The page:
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By the time Dr. Manmohan Singh visits the White House on November 24, President Obama would have largely recovered from the jetlag after his travels in East Asia. But one can be sure that the impressions made by the optimistic and focused leaders of the three great economic powerhouses of the region – the ASEAN, Japan and China – will be considerably more lasting.
Now the leader of Asia’s fourth great economic powerhouse comes calling. But while the others would have focused mostly on economic and financial issues, the Indian Prime Minister will have a very different agenda. Despite an economy that is now expected to quadruple by 2020, taking it very high up the global pecking order, regional politics will be high on India’s agenda for the foreseeable future. As far as India is concerned, its troubled geography with Pakistan and China determines its priorities.
Despite the spin being imparted that this first "state visit" hosted by President Obama is a recognition of the importance of India’s place in the U.S. world view, the view from India is somewhat different. The benchmark of expectations for Indo-U.S. relations was set by his predecessor, and it is unlikely that Barack Obama will come close to it. To do so would require President Obama to first delink India from Pakistan. George Bush did this deftly by telling Pakistan quite simply that "you are not India."
As far as India is concerned, Pakistan’s problems are its own doing and the U.S. follies in the past have a good deal to do with them. With Afghanistan fast becoming Obama’s war, India has empathy for his predicament but there is little it can do to help. To do so would imply acceptance that jihadi terrorism on Pakistan’s western border is a different animal than that on its eastern frontier. And to expect India to jeopardize its own future by putting Kashmir on the table to enable the U.S. to get out of its predicament would be to ask for the moon.
President Obama has compounded this by suggesting in Beijing that the U.S. would now like China to play a role in improving India-Pakistan relations. For nearly sixty long years India has fobbed off U.S. attempts to interpose itself in India-Pakistan relations. Since Eisenhower’s time, this has been a no-go area for official U.S. diplomacy. Now Obama wants to bring China into the equation? It shouldn’t tax one's imagination too much to figure out how India will react to this suggestion. That a country that was reported even last week in the U.S. media as having gifted fifty kilograms of fissile Uranium to Pakistan along with bomb designs and the wherewithal to make dozens more nuclear weapons should now be a facilitator for improving India-Pakistan ties would seem quite absurd to India.
Prime Minister Manmohan Singh leaves for the U.S. just a few days after India’s parliament reconvenes. One can almost be sure that the house will give him an earful on this and insist that he read the riot act to Mr. Obama. Dr. Singh is a gentle sort of person, but he will definitely convey the sentiments of India’s parliament.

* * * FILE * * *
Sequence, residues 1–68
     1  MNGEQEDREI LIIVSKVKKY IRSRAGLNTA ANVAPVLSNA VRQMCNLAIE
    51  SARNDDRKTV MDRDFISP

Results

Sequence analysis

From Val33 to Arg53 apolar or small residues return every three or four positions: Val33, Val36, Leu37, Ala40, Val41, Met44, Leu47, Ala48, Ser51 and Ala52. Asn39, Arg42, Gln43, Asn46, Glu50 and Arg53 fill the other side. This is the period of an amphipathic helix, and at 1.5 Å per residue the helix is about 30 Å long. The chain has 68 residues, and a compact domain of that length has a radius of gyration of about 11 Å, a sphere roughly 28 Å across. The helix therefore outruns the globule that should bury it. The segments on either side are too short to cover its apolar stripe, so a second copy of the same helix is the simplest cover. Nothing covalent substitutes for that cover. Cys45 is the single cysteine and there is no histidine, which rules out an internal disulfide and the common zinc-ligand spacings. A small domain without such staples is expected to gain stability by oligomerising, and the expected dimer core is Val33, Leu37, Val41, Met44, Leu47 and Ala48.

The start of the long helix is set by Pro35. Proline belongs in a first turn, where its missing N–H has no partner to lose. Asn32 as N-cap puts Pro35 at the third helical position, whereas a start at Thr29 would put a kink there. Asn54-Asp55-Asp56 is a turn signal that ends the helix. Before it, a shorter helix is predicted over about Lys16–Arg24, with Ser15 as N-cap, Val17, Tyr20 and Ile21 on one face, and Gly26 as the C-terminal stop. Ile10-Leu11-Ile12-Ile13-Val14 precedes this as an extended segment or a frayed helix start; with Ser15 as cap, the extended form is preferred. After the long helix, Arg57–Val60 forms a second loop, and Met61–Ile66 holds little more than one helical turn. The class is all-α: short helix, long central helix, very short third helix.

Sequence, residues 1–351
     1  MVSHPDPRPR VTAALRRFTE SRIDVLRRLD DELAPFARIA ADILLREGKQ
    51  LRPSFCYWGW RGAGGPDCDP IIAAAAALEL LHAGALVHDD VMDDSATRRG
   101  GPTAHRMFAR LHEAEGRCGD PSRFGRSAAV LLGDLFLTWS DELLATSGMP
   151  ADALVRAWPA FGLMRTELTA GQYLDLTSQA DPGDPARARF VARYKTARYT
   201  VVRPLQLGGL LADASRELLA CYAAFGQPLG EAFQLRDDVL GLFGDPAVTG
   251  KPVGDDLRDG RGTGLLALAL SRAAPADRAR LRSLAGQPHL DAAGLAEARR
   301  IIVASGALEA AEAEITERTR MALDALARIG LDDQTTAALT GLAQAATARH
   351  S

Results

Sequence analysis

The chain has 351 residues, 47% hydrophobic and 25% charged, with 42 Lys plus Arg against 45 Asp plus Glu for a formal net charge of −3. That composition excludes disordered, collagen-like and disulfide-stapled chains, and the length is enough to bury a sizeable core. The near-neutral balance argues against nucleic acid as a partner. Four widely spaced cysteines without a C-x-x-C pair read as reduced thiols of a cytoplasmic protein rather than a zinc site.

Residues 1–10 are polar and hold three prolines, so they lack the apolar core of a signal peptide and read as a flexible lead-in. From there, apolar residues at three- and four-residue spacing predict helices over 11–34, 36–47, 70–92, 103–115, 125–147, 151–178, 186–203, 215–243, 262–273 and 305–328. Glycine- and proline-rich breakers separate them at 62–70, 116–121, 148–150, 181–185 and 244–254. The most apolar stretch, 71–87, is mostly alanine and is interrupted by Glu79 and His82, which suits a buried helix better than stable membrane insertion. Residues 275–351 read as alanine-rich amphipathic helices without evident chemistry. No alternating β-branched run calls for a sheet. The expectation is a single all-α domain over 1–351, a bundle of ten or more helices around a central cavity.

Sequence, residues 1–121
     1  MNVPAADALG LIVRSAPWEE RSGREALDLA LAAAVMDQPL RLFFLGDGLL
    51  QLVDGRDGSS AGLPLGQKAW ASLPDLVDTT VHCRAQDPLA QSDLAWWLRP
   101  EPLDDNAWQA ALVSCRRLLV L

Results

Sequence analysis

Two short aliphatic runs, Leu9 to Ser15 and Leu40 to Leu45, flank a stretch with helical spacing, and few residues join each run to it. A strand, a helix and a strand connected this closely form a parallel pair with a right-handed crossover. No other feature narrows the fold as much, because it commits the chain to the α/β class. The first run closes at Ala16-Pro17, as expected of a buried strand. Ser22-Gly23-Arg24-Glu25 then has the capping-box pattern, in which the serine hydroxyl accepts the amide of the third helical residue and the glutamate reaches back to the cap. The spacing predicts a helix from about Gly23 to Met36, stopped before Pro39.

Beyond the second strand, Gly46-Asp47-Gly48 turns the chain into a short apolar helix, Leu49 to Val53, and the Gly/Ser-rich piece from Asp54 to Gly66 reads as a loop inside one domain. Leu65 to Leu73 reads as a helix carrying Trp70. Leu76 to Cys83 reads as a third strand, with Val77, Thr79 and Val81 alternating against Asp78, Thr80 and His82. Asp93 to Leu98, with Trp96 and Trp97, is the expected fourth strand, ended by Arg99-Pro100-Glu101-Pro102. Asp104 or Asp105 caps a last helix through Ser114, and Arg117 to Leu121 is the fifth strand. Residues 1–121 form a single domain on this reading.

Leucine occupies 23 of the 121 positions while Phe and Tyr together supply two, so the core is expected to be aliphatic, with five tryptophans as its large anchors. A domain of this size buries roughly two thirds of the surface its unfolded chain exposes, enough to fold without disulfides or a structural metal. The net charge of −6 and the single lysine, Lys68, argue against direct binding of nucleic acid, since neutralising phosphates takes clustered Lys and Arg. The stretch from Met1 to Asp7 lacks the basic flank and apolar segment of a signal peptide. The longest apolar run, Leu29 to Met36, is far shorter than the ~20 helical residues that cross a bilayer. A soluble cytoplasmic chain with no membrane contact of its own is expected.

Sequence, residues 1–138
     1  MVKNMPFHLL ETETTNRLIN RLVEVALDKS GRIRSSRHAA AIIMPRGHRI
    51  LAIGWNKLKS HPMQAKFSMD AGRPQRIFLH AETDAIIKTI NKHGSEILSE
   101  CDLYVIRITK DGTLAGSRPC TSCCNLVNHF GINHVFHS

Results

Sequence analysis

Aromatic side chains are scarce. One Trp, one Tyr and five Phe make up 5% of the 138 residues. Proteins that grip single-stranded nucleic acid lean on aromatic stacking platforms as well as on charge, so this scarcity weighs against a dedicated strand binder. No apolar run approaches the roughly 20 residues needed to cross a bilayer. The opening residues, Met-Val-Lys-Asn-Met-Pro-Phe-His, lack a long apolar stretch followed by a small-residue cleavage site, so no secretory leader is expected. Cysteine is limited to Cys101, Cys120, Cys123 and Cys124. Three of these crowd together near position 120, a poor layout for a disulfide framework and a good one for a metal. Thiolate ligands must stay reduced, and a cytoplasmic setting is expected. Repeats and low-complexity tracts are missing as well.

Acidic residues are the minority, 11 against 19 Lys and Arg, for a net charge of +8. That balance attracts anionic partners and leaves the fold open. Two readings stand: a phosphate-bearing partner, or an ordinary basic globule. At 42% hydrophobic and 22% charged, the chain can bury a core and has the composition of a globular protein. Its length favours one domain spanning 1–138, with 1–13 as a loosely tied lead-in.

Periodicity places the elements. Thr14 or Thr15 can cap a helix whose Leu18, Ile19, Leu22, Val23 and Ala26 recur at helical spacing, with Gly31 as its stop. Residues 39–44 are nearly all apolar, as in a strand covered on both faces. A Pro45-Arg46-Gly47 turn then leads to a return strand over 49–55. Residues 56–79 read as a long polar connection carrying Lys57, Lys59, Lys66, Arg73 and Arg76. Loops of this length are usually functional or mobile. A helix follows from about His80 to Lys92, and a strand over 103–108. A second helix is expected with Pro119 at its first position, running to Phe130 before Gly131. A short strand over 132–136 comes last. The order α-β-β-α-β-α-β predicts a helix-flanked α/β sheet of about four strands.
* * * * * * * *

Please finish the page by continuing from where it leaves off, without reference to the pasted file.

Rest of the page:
Apart from shifting course on India, another definite interpretation in India of this visit would be that President Obama is giving up the two decade's old notion of a unipolar world led by the U.S. and favors the notion of a new bipolar world system, with the U.S. and China acting in concert. Whatever the extent of U.S. indebtedness to China, India will not be readily willing to accept this formulation, particularly as it increasingly sees itself as a rival to China. China has revealed its hand whenever it mattered to India, be it at the IAEA or on the expansion of the UN Security Council. Today, even as India begins to have fewer doubts about where it stands vis-à-vis China, it is being gnawed by doubts about where it stands vis-à-vis the U.S.
Mohan Guruswamy heads the Centre for Policy Alternatives, an independent and privately funded think tank in New Delhi. He is the author of several books on Indian policy issues. This piece is part of the Passage to America forum on the significance of the Indian Prime Minister Singh's visit to the U.S. Photo credit: Reuters Pictures.
- What Obama Must Accomplish With India – Atlantic Wire, Max Fisher
Passage to America: Pre-Visit Expectations
- Passage to America: Great Expectations for Manmohan Singh – Shuja Nawaz
- Facing the Indian Conundrum: Obama's Date with Singh – Arun Prakash
- U.S.-India Relations: Testing Times Ahead – Mohan Guruswamy
- Expanding the U.S.-India Comfort Zone in a Time of Uncertainty – M.J. Akbar
- Striving for a True U.S.-India Strategic Partnership – Rani D. Mullen
Passage to America: Post-Visit Analysis
- Singh's U.S. Visit: Were Expectations Met? – Shikha Bhatnagar
- The Great Hype Forward – Manvendra Singhwas
- A "Defining Partnership" Renewed – Rani D. Mullen
- Where is the Indispensibility? – Tariq Fatemi
- Pakistan and India: Common Threat Needs Common Defense – Pervez Hoodbhoy
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